A new research from the Imperial College London, has led to the discovery of a possible cure for motion sickness. A mild electric shock to the scalp, can reduce the impact of mixed sensory inputs, which makes the feelings of nausea go away.
Researchers are developing a device that will connect to a mobile phone, and it will deliver a mild electric shock to the head through electrodes. During the research, twenty volunteers were placed in a “chunder chair,” which is like a twisted fairground ride that spins them round at an angle. A transcranial direct current simulation to the brain could dampen the brain’s responses to motion sickness.
“The problem with treatments for motion sickness is that the effective ones are usually in tablets that also make people drowsy,” said partnering researcher Micheal Gresty.
About three in ten people experience symptoms of dizziness, nausea and cold sweats when they are in high seas or in a rollercoaster. Scientists believe that motion sickness is caused by confusing messages transmitted by the ears and eyes while moving. Study leader Dr. Qadeer Arshad, Imperial’s department of medicine expressed in confidence in mass production of the device in five to 10 years. He said that the device my be similar to TENS (transcutaneous electrical nerve simulation) machine that is used for back pain.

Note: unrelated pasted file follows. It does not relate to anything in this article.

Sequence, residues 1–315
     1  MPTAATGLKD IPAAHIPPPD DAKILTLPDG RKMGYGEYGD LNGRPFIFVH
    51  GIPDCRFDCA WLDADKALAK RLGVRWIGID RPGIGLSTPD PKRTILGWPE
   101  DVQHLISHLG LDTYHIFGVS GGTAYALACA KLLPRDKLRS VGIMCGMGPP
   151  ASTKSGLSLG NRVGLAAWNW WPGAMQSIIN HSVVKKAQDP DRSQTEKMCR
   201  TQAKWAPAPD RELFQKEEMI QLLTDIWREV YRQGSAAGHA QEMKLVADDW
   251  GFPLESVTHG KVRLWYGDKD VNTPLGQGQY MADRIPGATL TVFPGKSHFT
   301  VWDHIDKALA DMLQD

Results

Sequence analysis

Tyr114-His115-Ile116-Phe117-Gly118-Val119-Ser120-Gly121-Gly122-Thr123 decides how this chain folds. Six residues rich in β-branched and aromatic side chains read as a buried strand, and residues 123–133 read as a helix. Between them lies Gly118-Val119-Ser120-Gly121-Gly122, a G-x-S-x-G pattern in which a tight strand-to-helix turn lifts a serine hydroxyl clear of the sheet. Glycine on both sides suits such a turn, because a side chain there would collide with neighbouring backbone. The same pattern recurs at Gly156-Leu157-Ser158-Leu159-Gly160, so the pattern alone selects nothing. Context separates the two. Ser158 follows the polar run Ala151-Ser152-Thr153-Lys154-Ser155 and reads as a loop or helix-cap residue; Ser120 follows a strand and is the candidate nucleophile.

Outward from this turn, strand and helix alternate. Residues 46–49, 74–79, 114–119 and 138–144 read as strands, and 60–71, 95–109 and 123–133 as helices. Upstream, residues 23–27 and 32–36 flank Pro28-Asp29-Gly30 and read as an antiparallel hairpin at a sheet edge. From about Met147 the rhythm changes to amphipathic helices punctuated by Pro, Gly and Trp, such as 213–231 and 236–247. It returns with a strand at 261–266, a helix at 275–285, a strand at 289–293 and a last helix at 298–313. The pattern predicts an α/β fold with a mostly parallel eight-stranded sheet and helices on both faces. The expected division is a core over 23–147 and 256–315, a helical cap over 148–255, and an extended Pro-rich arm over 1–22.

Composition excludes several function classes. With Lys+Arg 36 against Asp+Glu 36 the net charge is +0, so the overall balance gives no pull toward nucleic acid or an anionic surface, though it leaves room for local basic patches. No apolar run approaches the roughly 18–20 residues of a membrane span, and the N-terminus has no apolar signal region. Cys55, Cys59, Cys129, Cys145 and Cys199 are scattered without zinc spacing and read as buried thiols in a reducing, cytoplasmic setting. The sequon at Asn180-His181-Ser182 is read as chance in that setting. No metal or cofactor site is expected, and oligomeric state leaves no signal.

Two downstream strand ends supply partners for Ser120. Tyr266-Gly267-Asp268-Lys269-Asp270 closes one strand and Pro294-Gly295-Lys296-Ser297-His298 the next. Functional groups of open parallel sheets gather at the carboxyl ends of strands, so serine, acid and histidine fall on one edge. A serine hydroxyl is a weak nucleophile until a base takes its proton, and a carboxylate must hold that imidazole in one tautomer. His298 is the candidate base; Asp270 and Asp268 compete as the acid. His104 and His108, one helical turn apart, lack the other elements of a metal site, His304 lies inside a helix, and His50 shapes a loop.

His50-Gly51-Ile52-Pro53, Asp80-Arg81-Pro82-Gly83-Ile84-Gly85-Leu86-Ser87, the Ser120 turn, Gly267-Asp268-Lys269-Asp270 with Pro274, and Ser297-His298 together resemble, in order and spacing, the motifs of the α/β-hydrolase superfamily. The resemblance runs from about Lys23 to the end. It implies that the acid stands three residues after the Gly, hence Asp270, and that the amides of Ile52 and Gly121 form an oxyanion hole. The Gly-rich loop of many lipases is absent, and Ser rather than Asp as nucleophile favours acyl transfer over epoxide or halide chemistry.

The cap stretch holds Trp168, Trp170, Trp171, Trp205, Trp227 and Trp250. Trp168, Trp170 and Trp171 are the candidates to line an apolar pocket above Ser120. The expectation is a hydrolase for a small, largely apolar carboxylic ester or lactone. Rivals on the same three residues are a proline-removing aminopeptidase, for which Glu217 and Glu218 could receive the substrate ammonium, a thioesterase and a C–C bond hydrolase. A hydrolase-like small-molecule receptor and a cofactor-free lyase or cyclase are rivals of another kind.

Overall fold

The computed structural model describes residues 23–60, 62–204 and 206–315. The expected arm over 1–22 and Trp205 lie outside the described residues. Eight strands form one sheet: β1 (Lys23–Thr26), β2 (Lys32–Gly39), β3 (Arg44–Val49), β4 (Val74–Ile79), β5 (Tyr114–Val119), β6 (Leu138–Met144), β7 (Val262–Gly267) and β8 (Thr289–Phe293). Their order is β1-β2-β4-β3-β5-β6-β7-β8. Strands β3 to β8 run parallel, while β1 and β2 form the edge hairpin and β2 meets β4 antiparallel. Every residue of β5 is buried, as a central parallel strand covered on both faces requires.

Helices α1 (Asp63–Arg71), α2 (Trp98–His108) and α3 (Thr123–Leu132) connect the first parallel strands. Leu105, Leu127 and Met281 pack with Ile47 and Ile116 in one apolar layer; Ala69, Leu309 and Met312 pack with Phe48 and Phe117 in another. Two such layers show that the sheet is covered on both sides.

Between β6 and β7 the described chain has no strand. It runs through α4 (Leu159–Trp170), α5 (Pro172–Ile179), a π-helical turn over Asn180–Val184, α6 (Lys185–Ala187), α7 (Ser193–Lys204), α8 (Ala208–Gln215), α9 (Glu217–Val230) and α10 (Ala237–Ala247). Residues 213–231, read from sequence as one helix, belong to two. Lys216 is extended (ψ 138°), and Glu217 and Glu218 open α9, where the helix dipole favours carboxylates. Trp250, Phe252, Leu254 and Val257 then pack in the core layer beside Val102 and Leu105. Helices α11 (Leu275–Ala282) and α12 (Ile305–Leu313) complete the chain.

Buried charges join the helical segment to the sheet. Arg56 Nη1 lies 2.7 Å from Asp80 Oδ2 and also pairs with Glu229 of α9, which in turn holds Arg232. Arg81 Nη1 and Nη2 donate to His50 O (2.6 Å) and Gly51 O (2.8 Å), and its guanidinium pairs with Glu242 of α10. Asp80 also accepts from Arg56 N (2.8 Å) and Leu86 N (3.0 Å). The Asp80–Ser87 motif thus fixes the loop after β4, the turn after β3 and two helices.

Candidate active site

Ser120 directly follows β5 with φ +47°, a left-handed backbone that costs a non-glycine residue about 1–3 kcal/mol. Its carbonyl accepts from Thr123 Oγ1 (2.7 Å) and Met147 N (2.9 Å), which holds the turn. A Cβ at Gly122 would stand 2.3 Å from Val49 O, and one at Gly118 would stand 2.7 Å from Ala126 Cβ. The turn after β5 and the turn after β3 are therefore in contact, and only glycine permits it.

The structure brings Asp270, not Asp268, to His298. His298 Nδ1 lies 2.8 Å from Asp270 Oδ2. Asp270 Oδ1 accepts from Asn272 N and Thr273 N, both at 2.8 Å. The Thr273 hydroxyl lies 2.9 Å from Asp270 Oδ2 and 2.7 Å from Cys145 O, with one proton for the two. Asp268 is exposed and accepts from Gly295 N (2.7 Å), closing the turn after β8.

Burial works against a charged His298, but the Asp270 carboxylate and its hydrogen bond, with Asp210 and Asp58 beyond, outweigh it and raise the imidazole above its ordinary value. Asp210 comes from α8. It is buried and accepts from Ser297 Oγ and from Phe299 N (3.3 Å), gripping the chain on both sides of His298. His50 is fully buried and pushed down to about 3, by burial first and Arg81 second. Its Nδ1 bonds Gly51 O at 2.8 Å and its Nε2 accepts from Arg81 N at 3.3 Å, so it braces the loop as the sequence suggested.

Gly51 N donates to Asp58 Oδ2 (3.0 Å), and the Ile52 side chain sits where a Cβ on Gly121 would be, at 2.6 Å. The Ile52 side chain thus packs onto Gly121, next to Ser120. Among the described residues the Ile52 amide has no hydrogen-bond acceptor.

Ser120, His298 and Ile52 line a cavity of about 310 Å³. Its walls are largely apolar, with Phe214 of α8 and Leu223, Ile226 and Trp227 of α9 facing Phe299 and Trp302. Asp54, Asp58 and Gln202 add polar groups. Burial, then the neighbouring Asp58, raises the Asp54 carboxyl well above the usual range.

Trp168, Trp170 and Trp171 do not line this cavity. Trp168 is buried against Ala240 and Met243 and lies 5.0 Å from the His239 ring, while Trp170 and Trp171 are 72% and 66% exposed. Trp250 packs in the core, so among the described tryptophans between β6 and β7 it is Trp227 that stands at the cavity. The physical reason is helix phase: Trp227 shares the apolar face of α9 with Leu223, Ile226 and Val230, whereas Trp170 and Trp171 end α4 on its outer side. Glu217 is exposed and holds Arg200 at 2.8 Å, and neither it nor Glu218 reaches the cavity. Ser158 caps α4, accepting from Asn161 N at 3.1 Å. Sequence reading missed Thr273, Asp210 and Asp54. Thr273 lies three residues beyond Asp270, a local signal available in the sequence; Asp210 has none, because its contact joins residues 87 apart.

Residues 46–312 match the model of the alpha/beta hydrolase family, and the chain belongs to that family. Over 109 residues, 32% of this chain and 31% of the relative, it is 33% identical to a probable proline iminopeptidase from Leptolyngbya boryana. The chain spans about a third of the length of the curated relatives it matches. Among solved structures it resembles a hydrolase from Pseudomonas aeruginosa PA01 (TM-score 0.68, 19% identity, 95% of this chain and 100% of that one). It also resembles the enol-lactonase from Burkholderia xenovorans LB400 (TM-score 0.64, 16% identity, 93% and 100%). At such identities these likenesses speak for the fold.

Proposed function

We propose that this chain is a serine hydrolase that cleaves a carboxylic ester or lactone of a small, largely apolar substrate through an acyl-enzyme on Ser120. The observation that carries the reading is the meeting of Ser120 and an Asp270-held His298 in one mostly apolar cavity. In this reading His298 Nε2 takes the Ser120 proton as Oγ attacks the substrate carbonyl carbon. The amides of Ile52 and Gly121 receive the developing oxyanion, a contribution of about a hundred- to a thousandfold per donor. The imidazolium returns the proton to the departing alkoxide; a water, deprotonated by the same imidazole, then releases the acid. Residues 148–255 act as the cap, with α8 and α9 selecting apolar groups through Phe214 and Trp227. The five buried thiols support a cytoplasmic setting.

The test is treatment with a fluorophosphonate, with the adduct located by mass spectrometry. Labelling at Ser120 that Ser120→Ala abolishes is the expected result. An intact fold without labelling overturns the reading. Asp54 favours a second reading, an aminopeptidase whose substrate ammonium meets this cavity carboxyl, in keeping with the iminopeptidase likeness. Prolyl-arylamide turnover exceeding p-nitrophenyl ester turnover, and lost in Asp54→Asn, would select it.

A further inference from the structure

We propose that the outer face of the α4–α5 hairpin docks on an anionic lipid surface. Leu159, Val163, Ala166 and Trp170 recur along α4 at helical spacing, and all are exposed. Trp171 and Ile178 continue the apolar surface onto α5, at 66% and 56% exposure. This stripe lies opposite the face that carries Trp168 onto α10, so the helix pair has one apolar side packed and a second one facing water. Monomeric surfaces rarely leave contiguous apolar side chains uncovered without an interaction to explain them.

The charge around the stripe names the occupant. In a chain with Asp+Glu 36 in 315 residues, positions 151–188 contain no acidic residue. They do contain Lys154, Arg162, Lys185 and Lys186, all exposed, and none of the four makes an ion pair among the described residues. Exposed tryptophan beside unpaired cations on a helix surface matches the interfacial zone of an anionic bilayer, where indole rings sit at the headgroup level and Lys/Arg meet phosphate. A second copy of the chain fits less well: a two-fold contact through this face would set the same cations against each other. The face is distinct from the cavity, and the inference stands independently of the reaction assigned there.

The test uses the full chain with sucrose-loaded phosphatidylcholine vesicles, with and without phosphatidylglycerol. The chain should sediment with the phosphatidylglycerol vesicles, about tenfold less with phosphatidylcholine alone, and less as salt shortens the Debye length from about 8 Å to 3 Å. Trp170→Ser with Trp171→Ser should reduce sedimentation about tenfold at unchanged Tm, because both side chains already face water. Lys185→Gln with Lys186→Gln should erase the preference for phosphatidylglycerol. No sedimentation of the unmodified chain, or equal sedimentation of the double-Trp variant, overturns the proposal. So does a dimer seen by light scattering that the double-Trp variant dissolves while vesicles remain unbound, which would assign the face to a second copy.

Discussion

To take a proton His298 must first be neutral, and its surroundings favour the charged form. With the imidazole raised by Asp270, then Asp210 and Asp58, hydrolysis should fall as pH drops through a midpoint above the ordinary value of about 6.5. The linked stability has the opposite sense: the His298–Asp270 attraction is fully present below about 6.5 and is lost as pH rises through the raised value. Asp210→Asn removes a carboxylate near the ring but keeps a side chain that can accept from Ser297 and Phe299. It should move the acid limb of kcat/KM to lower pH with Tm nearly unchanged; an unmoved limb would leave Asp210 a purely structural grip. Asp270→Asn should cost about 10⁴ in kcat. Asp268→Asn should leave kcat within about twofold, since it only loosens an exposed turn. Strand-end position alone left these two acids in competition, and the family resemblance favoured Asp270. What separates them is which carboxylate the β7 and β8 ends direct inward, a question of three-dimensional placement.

The research team is already in talks with businesses for commercializing the device. During the study, volunteers wore electrodes on the heads for 10 minutes. After the treatment, they were less likely to feel nauseous and recovered more quickly. Gresty said they are excited about the potential of the device as it provides an effective measure against sea-sickness. Scientists added that the military is also interested in the device as people feel sick while operating drones.[ Source ] [ Journal ]